Tuesday, November 25, 2014

You won't hear from me on Wednesday because I will be getting up at 3 a.m. in order to drive to Massachusetts in a snowstorm. Ugh.

The Death of the Heart

Following are three status posts that appeared on my Facebook wall this morning, responses to the grand jury's decision not to indict Darren Wilson, the white police officer who shot a young black man named Michael Brown on August 9, 2014, in Ferguson, Missouri:
150 years ago, whites went to war to free the slaves. Fifty years ago, whites marched together with blacks to Washington to demand an end to segregation. We need to stand united once again. We need to show that this decision to not press charges [and] letting Wilson off was unacceptable. As a country, we are better than this. As people, we are better than this. We need to demand change. We need to use this as a rallying point to stand up not just for what we believe in, but what is right.
      --17-year-old white male, rural central Maine

Really disgusted with America right now. Darren Wilson deserved at least some form of punishment for killing an innocent teenager. Has society come to the point where killing someone doesn't matter if you're a white policeman? Is it a coincidence that the majority of votes needed was nine, and out of the twelve jury members, nine were white? When will race issues ever end?
    --17-year-old white female, rural central Maine

I am appalled and saddened by a society that allows a man to shoot an unarmed African American teenager and get away with it. Or all the other terrible murders/shooting that people have gotten away with because the victim was colored. I cannot wait for the day when the US is officially the land of freedom and equality for everybody regardless of gender, race, sexual preference, sexual orientation, gender identification, religion, rich or poor or whatever else you can think of. We are all human and we all should be treated equally and strive to treat others equally. Live by the Golden Rule; Treat people the way you want to be treated.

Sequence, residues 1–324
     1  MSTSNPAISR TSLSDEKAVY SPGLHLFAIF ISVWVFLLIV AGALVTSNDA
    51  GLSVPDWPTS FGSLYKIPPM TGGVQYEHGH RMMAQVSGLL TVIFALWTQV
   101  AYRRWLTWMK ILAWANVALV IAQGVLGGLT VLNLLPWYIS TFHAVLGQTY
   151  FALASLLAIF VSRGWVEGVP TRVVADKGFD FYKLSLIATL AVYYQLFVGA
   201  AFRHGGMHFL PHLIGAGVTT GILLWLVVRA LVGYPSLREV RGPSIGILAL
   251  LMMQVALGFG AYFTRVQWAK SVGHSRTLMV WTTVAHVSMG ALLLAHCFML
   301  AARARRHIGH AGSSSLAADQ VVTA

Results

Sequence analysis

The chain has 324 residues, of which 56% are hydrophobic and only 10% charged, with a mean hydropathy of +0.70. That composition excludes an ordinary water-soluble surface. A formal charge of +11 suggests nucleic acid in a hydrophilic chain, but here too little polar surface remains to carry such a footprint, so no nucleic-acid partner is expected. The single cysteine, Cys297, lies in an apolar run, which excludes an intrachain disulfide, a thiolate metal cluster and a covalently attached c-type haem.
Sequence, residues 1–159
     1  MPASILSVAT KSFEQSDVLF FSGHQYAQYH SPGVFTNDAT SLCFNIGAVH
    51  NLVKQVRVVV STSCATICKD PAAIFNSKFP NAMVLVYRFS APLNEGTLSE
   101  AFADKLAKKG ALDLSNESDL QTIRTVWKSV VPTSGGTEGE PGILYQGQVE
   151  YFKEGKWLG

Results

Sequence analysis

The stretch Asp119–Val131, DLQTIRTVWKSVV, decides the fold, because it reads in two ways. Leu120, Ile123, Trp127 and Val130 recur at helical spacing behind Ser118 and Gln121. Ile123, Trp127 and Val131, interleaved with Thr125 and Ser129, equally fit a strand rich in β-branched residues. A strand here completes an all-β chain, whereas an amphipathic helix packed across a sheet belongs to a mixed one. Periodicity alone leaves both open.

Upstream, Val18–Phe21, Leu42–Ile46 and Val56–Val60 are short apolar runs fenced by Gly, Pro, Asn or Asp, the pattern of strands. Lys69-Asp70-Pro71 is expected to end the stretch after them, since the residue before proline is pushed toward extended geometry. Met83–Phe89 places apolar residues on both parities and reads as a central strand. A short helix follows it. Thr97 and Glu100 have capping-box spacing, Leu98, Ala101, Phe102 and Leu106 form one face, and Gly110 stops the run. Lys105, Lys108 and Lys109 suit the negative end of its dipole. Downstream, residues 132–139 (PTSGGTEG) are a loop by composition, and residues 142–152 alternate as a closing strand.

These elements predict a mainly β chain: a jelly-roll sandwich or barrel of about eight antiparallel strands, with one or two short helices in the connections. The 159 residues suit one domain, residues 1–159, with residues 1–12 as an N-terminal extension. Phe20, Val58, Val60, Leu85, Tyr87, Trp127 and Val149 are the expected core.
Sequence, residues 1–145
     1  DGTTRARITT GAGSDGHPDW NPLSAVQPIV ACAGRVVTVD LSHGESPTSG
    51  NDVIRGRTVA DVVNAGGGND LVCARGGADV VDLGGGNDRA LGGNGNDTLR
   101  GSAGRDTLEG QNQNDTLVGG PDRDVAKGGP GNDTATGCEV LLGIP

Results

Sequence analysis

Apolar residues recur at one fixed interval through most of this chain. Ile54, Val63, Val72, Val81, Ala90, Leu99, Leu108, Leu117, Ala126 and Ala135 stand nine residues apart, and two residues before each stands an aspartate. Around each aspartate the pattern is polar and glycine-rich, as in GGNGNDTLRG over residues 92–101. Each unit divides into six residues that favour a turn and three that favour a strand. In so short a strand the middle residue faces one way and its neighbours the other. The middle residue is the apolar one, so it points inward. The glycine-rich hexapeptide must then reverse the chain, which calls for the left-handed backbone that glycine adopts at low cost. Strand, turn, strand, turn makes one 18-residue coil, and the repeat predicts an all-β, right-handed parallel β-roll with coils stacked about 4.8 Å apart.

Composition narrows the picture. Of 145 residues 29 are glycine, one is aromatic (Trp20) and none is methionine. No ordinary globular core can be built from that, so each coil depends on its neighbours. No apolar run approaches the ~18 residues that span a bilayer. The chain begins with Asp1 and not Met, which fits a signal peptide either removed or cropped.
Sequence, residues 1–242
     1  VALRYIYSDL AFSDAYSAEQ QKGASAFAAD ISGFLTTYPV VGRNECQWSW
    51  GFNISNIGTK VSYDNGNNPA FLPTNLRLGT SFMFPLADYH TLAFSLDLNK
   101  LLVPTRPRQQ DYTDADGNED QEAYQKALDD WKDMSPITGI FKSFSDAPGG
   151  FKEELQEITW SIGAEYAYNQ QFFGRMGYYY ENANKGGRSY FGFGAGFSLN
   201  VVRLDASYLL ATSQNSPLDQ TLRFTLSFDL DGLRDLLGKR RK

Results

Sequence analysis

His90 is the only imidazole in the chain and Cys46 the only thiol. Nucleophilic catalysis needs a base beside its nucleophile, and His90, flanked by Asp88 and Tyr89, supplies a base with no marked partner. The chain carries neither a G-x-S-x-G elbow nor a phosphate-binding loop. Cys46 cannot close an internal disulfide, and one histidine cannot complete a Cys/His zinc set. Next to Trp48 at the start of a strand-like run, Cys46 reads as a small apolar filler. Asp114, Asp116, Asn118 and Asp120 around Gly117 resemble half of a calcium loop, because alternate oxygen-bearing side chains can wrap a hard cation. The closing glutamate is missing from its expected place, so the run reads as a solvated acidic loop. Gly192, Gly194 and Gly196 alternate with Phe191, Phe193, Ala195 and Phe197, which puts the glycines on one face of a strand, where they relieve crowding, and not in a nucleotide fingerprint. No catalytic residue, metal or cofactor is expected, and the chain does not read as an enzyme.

--19-year-old mixed-race male, rural central Maine
I think it's safe to say that, like most Americans, these three teenagers did not comb through witness testimony, watch hours of video footage, or conduct interviews with law enforcement and family members. They watched or listened to news highlights, glanced at Internet updates, saw selected photographs or video clips. What they (and I, and most likely you) absorbed was the bare bones of the situation, buffed up for generalized public consumption. Nonetheless, facts emerged from that disclarity: A police officer shot and killed a young man. The officer was white. The officer did not first attempt to subdue the young man with a taser or pepper spray or anything less than deadly force. The young man was unarmed. The young man was black.

Meanwhile, administrators at the University of Virginia are dealing with allegations of gang rape at a fraternity and tales of a longstanding rape culture at the university. Though the story that broke in Rolling Stone doesn't specifically describe the perpetrators, the student body portrayed in the article reeks of privilege. This issue doesn't end with UVA, of course: it's endemic, and it's not going away. In 1960 my mother was kidnapped by a fellow student at a small Christian college, driven to the town dump, and threatened with rape. In 2013, according to the Rolling Stone article, a Dartmouth University student posted a "how-to-rape guide" online. This weekend, you, too, can watch frat boys reeling through the college-town streets closest to you--drunk, rowdy, predatory, and mostly white. Will police officers shoot any of them? I'd say it's highly unlikely.

I went to college with a young man who grew up to become a prominent human-rights lawyer. He recently visited Ferguson, where I'm sure he did comb through witness testimony and watch hours of video footage and do all of the things that the rest of us have not. Yet this was his Facebook status after the grand-jury decision was announced:
This empty feeling in your stomach right now happens when justice is sorely lacking . . .